Weddings, Funerals, Reboots–Capes and Cognitive Dissonance

Will cognitive dissonance increase commitment to new comic books or to the old?

Posted Mar 16, 2013

In the article "Deaths, Hookups, Reboots: Why Comics Thrive on Dramatic Twists," CNN's Henry Hanks asked  comic book historian Alan Kistler, my fellow psychologist Andrea Letamendi, and me for our views on high-profile comic book storyline shakeups.

Of all the headline grabbers among the recent comic book storylines, I felt the same-sex weddings paid off particularly well because of the human element, with repercussions likely to last longer than character deaths (largely because nobody stays dead in superhero comics). As I told Hanks regarding two recent weddings, "Both of those weddings reflect our times and say these characters live in worlds that remain relevant to us." Marvel Comics gave us a celebrity wedding as mutant superhero Northstar married his boyfriend, Archie Comics saw Archie's former classmate Kevin Keller's more down-to-earth marriage, and over at DC Comics, Batwoman readers wait to find out if heroine Kate Kane's girlfriend, police detective detective Maggie Sawyer, will accept her proposal. Of the three couples, Kate and Maggie probably have the hardest road ahead of them but for reasons unrelated to their gender. Bat-Family crime-fighters have almost zero success in their long-term intimate relationships. Most importantly, these wedding stories are about relationships and how the characters themselves fit into the modern world. That makes a bigger difference than any multi-part fist fight.

The Bat-Family heroes hit headlines this month over other stories as well. The Joker left Batgirl, Nightwing (the first Robin grown up), and the current Robin unsure about working with Batman, and then one of those heroes got murdered by his own clone. It's not the first time one of the modern Batman's sidekicks has died. It is, in fact, the third. We won't know for a while if the latest victim (whose grandfather Ra's al Ghul has a Lazarus Pit which already fixed one dead Robin) will be the first of them to stay dead.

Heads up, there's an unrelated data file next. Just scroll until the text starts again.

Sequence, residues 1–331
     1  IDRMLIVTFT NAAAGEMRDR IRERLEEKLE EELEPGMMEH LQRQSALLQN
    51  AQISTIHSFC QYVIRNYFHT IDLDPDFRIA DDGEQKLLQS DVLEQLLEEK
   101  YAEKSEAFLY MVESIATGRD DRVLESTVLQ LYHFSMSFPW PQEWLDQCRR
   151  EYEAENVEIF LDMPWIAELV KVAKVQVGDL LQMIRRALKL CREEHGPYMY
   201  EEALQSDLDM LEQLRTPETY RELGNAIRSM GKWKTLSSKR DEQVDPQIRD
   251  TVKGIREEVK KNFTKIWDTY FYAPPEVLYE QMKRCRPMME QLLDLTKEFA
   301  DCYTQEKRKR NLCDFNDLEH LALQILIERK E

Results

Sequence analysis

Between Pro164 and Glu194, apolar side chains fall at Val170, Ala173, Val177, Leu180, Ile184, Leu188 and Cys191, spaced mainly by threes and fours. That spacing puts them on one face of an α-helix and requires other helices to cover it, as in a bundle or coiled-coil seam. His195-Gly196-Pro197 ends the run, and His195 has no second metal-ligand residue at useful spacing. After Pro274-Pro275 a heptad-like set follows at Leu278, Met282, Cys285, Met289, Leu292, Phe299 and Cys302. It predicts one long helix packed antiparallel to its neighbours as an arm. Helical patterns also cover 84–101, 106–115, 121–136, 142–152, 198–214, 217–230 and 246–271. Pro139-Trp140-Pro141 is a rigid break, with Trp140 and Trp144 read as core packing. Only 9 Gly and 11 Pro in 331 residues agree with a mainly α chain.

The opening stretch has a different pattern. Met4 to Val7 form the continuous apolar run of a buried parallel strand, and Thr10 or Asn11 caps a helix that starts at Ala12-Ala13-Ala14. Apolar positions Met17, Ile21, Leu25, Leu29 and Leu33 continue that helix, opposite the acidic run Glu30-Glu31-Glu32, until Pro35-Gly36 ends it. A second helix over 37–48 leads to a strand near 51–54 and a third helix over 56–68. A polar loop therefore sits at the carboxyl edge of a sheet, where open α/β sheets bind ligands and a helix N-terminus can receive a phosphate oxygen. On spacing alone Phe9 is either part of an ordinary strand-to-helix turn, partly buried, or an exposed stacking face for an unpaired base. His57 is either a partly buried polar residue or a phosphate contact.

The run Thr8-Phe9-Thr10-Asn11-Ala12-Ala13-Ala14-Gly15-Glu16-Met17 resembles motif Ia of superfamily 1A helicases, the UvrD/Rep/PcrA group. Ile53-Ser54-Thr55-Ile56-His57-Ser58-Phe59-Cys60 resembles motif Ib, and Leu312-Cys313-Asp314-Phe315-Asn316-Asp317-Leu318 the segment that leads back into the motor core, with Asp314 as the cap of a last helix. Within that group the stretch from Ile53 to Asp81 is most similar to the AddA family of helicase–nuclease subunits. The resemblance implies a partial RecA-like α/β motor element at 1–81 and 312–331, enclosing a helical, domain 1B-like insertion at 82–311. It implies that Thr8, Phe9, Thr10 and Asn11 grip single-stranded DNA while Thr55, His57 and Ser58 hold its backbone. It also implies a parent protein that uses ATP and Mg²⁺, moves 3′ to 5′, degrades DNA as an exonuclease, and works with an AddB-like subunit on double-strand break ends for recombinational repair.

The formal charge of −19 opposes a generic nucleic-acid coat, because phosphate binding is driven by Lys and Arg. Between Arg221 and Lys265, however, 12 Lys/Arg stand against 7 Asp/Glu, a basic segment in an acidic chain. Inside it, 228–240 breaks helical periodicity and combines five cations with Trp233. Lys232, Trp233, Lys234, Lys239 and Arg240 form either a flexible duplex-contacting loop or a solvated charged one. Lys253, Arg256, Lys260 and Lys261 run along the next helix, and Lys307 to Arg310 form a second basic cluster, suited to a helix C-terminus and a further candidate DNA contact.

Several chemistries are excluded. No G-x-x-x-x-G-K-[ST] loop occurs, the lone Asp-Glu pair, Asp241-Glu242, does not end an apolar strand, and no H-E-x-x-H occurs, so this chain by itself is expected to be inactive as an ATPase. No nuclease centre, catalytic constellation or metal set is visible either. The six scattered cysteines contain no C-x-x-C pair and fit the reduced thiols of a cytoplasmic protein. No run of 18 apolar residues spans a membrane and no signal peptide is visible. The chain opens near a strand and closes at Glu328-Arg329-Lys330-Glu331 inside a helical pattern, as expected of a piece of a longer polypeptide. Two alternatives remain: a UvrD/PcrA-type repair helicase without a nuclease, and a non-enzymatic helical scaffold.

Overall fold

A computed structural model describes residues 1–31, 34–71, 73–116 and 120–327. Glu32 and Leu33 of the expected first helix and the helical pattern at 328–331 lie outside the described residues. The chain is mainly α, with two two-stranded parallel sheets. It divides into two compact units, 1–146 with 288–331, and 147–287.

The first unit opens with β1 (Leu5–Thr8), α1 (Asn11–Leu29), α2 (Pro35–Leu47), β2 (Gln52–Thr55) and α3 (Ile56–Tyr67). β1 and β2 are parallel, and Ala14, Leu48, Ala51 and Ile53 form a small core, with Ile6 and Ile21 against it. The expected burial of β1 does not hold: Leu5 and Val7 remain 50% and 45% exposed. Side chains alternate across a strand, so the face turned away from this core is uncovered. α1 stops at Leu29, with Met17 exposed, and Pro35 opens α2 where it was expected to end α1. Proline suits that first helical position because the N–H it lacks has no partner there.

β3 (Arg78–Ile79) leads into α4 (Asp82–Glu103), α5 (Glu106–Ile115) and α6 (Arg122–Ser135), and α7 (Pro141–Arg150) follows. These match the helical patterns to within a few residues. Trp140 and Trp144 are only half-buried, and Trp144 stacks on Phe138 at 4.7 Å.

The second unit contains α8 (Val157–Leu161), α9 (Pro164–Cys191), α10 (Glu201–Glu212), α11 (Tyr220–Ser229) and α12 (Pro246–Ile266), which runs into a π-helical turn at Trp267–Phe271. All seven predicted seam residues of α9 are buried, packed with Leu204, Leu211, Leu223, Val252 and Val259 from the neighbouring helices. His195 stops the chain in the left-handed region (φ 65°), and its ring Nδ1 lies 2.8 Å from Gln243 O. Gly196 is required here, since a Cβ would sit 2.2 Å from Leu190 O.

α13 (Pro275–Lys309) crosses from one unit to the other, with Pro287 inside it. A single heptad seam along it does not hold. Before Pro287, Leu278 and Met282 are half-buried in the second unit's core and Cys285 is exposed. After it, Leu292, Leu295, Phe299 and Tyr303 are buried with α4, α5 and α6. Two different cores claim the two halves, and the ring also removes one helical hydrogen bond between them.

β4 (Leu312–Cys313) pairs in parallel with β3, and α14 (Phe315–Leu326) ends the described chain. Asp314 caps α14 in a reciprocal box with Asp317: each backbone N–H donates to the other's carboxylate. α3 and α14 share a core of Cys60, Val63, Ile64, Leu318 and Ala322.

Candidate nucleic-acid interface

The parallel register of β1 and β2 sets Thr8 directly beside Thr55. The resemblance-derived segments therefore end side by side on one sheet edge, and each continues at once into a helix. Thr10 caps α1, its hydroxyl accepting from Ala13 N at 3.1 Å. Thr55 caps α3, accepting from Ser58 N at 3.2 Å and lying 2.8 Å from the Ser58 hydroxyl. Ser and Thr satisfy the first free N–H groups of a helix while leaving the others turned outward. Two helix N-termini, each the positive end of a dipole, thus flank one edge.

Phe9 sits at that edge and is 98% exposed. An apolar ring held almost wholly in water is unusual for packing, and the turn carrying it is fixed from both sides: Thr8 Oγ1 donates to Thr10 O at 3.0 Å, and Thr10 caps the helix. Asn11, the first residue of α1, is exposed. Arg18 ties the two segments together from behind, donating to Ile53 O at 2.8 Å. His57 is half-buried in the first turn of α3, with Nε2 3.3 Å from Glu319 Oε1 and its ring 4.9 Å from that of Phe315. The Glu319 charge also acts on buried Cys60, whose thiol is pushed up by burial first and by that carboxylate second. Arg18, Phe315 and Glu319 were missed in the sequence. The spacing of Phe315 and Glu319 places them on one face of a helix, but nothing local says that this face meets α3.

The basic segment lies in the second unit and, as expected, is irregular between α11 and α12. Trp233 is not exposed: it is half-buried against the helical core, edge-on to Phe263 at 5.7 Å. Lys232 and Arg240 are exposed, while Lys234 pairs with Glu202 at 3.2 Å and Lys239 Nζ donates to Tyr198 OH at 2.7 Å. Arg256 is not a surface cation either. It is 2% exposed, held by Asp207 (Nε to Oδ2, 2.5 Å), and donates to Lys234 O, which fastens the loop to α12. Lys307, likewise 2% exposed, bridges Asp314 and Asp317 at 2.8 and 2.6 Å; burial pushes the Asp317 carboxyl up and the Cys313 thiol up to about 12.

Peter Parker recently died (again) in The Amazing Spider-Man #700, but nobody reasonably thinks he's going to stay dead. However, Marvel Comics also publishes the adventures of alternate-universe versions of their classic heroes in their Ultimate lines of comics, and Ultimate Peter Parker looks unlikely to return. My initial reaction to his death was disgust (which does mean it made me care) and left me ready to write off all the Ultimate comics, but I must admit his replacement, a completely different Spider-Man named Miles Morales, is a great character with fresh, smart stories. Sometimes you must shake things up. Change or die.

In the Miles Morales stories, Pete’s history as his predecessor remains important, but when a reboot makes it seem that current storytellers don’t revere or even respect older stories, that can send a message that current stories won’t matter for long either, that none of it will remain canon. Comic book readers care about canon. People don’t like to feel they’ve wasted their time. A generation passed between the multiverse makeovers “Crisis on Infinite Earths” (1985-1985) and “Infinite Crisis” (2005-2006), major story arcs that rebooted many DC Comics titles, changed continuity, and livened up storylines, more than enough time to feel like each reboot mattered - each time, a new multiverse for a new generation. Rebooting too quickly can leave your audience feeling frustrated and can create an internal conflict psychologists call cognitive dissonance. To keep from feeling you wasted your time by loving the stories between the reboots, you might escalate your emotional investment in them and then resent whatever usurped them.

Six-issue stories and multi-title crossovers run risk making heroes look incompetent. Unless the big story gives heroes a lot of episodic victories along the way like “Knightfall” and “Hush” did brilliantly, we may wonder, “Why are they just running around? Why can’t they beat villain X faster than that?” Some of the most famous superheroes have not yet proven themselves to us in their revised "reality." Since their reboots and series relaunches, not all the new incarnations have earned our admiration. They need more successes before their failures.